Farmer Brands Vegan Activists 'Lawless, Unprincipled, Irritating Extremists'
Australian farmer Martin Bella (Photo: FAcebook/Martin Bella) - Media Credit:

Farmer Brands Vegan Activists ‘Lawless, Unprincipled, Irritating Extremists’


2 Minutes Read

An Australian farmer has branded vegan activists ‘lawless, unprincipled, irritating extremists’ following recent animal rights protests across the country, according to a report by NewsHub.

The actions earlier this month, which marked the one-year anniversary of the Australian farmer Martin Bellarelease of pro-vegan documentary Dominion, included protests outside slaughterhouses in areas across the country including Corio, Pakenham, Toowoomba, and Bacchus Marsh among other locations. In addition, campaigners brought Melbourne to a standstill, blocking traffic at one of the biggest intersections in the city center while holding signs saying ‘you have been lied to; watch Dominion’ and ‘this is a peaceful protest’.

Now according to some reports, tensions between the farming community and vegans are running high, leading farmer and former Australian league player, Martin Bella – who fronts the lobby group ‘Green Shirts’ – to make an anti-vegan video.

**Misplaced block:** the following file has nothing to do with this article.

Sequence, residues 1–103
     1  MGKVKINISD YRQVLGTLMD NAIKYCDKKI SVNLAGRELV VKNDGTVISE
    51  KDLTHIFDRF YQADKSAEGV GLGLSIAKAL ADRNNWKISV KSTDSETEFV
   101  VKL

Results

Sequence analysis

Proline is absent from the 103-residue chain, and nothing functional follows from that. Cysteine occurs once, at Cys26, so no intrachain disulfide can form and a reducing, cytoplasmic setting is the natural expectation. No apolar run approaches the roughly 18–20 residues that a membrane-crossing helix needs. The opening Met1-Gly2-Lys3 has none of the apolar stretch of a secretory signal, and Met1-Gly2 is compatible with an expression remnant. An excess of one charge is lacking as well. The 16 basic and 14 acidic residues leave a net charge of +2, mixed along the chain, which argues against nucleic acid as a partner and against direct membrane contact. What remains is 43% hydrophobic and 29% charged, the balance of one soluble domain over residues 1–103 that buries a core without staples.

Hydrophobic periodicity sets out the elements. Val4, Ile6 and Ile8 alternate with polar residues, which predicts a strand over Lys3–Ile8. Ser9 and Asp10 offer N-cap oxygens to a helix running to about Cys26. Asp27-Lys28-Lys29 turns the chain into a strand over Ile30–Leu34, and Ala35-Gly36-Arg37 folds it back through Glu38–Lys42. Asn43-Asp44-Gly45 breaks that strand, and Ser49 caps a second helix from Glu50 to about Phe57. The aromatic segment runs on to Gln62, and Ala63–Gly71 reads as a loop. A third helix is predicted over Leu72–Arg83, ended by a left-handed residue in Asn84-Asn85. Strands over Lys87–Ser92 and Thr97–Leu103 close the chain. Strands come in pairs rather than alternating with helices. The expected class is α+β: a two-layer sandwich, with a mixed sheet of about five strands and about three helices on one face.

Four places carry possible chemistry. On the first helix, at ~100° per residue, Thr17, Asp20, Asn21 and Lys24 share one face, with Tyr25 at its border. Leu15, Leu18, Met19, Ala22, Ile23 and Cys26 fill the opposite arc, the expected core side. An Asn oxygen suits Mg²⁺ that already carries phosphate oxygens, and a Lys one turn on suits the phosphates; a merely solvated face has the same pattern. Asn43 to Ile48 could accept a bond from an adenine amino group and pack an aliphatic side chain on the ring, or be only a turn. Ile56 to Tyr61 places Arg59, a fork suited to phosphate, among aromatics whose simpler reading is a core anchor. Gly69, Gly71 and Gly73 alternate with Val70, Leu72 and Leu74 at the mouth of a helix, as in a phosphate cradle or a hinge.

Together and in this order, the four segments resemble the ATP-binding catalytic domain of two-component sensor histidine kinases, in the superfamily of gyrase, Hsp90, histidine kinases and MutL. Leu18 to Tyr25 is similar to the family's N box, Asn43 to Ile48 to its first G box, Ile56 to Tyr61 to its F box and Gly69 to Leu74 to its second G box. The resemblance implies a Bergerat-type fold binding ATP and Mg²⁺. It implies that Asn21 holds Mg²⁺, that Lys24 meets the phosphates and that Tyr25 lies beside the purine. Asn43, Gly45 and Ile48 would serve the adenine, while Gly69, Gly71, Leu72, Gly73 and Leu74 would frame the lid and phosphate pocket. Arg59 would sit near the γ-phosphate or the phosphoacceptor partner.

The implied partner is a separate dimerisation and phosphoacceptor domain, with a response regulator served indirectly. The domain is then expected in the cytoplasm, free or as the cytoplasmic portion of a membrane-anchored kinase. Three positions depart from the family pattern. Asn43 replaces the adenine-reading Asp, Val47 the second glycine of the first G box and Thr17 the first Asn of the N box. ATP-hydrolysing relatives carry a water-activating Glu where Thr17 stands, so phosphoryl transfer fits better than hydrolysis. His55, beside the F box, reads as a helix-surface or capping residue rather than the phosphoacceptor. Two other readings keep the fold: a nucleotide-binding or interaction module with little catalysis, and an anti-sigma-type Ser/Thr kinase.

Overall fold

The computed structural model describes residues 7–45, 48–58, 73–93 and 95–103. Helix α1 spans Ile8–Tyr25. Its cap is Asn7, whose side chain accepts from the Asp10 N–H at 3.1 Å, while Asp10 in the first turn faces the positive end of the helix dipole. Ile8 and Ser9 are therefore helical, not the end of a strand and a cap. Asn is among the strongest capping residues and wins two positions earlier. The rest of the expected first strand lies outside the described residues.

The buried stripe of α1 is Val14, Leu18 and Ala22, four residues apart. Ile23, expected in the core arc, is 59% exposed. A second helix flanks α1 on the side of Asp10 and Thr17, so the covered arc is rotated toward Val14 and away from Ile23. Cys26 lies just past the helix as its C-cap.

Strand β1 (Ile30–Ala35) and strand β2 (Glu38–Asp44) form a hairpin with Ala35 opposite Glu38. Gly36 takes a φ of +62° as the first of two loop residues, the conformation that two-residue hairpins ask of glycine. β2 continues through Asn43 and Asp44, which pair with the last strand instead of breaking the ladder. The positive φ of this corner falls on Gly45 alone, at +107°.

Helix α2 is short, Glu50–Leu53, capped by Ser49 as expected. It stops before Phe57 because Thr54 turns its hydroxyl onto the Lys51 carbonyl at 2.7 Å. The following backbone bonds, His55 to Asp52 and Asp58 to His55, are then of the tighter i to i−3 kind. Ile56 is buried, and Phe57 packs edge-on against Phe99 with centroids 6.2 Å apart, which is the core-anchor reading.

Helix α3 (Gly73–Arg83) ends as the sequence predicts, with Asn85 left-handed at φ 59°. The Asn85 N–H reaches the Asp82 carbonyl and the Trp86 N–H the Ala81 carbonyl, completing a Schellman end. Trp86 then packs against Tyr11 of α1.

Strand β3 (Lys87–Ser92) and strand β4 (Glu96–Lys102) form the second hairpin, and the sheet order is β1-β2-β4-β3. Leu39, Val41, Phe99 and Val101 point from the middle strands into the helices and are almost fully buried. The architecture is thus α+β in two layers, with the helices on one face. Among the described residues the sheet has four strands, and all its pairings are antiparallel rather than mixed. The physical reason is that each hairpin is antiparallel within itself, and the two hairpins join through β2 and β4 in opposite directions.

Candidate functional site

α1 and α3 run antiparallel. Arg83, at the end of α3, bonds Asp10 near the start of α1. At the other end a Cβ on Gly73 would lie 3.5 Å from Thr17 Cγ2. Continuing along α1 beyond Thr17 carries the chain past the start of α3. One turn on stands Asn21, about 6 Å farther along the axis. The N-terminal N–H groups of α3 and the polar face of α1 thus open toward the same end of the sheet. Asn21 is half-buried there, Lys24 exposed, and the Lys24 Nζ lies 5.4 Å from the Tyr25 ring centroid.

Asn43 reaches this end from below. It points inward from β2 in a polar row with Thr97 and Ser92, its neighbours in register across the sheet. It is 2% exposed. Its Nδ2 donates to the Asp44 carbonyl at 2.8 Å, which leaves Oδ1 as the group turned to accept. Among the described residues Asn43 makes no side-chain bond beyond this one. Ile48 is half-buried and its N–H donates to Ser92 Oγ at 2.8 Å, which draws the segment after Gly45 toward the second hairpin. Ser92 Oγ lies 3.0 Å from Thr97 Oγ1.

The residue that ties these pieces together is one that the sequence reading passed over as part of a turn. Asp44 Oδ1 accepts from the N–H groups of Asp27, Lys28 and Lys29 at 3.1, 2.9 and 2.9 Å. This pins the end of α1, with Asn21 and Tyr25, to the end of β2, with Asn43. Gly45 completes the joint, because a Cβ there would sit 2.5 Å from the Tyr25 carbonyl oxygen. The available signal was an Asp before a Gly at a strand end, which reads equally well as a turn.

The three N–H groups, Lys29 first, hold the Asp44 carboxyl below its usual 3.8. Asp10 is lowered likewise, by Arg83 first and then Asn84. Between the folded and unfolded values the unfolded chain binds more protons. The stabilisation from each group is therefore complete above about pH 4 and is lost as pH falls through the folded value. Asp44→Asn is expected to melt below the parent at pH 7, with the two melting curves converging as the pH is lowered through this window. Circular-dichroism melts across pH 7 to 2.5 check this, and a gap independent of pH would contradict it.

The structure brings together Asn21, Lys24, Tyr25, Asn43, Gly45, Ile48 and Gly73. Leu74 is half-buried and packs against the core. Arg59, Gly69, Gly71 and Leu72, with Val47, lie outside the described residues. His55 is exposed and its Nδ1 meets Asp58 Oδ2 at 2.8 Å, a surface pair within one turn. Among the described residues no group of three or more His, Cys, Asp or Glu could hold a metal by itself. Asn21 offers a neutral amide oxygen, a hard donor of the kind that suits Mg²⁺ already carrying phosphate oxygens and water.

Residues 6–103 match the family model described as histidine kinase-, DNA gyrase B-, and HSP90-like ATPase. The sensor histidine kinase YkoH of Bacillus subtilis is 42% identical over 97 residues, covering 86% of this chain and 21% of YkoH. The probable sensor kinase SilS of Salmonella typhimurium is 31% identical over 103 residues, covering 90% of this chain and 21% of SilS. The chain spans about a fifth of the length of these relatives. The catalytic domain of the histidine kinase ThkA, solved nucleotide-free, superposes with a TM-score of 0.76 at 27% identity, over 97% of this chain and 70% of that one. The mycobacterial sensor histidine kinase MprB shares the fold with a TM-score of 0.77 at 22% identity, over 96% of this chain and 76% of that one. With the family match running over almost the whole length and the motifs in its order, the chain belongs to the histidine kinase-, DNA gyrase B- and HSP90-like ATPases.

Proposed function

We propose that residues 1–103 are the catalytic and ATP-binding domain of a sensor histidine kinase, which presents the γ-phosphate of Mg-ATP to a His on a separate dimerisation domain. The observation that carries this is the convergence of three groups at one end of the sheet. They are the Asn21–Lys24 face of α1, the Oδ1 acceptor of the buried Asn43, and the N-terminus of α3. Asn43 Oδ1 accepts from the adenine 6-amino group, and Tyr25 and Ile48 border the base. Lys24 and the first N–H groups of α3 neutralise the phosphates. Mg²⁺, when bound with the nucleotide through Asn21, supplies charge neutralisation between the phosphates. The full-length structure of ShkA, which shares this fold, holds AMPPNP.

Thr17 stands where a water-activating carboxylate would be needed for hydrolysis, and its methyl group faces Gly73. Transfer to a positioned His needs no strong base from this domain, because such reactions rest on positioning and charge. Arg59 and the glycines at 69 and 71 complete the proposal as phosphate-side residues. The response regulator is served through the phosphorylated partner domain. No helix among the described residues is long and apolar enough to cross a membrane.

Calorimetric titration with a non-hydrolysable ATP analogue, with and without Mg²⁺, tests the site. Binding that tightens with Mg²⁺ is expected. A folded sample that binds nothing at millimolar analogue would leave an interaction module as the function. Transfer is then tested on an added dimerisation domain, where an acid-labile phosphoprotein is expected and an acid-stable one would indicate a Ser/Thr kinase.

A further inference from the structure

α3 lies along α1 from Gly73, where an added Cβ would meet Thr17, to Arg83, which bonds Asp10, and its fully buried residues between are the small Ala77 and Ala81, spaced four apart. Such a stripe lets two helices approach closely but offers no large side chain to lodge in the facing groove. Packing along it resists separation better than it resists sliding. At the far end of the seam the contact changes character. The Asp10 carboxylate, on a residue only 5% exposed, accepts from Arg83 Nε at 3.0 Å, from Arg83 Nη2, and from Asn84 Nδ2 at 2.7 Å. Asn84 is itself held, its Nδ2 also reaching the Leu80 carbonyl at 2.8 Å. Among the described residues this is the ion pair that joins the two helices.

Carrot and sausage

In the video, Bella creates an analogy using a carrot and sausage to express his feelings, saying the carrot represents the vegan activist community – which he separates from vegans.

“These are people who make a dietary choice and don’t try and impose that choice on the rest of the country,” he says, adding that a group of people he calls ‘luvies’ are lawless, unprincipled, vegan, irritating extremists’ causing problems.

He said that the sausage and carrot ‘go well and compliment each other, each has its place and it’s no big deal’ – but that the contingent represented by the carrot are the problem.

Dominion exposes the horror of animal agriculture

Vegan protests

In the 48 hours following the protests, Dominion was viewed 55,000 times – with Google searches for the film and the word ‘vegan’ spiking in Australia.

Speaking on television, Dominion director Chris Delforce said he wanted anyone ‘who felt angered or inconvenienced today to watch the film Dominion or at least watch just two minutes of gas chamber footage from inside pig slaughterhouses’.

“That’s how most pigs in Australia are killed,” he added. “If you watch that footage you will understand why we had to be there today. The simple fact is that what’s happening to animals on farms and in slaughterhouses is intentionally hidden from consumers, but we believe they have the right to know.

“We believe this industry needs to be more transparent so consumers can make informed choices about what they want to support because we think most consumers are opposed to animal cruelty.”

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The Author

Maria Chiorando

Maria is the former editor for Plant Based News. She has been a newspaper reporter and features writer. Her work has been published by The Guardian and The Huffington Post, among others

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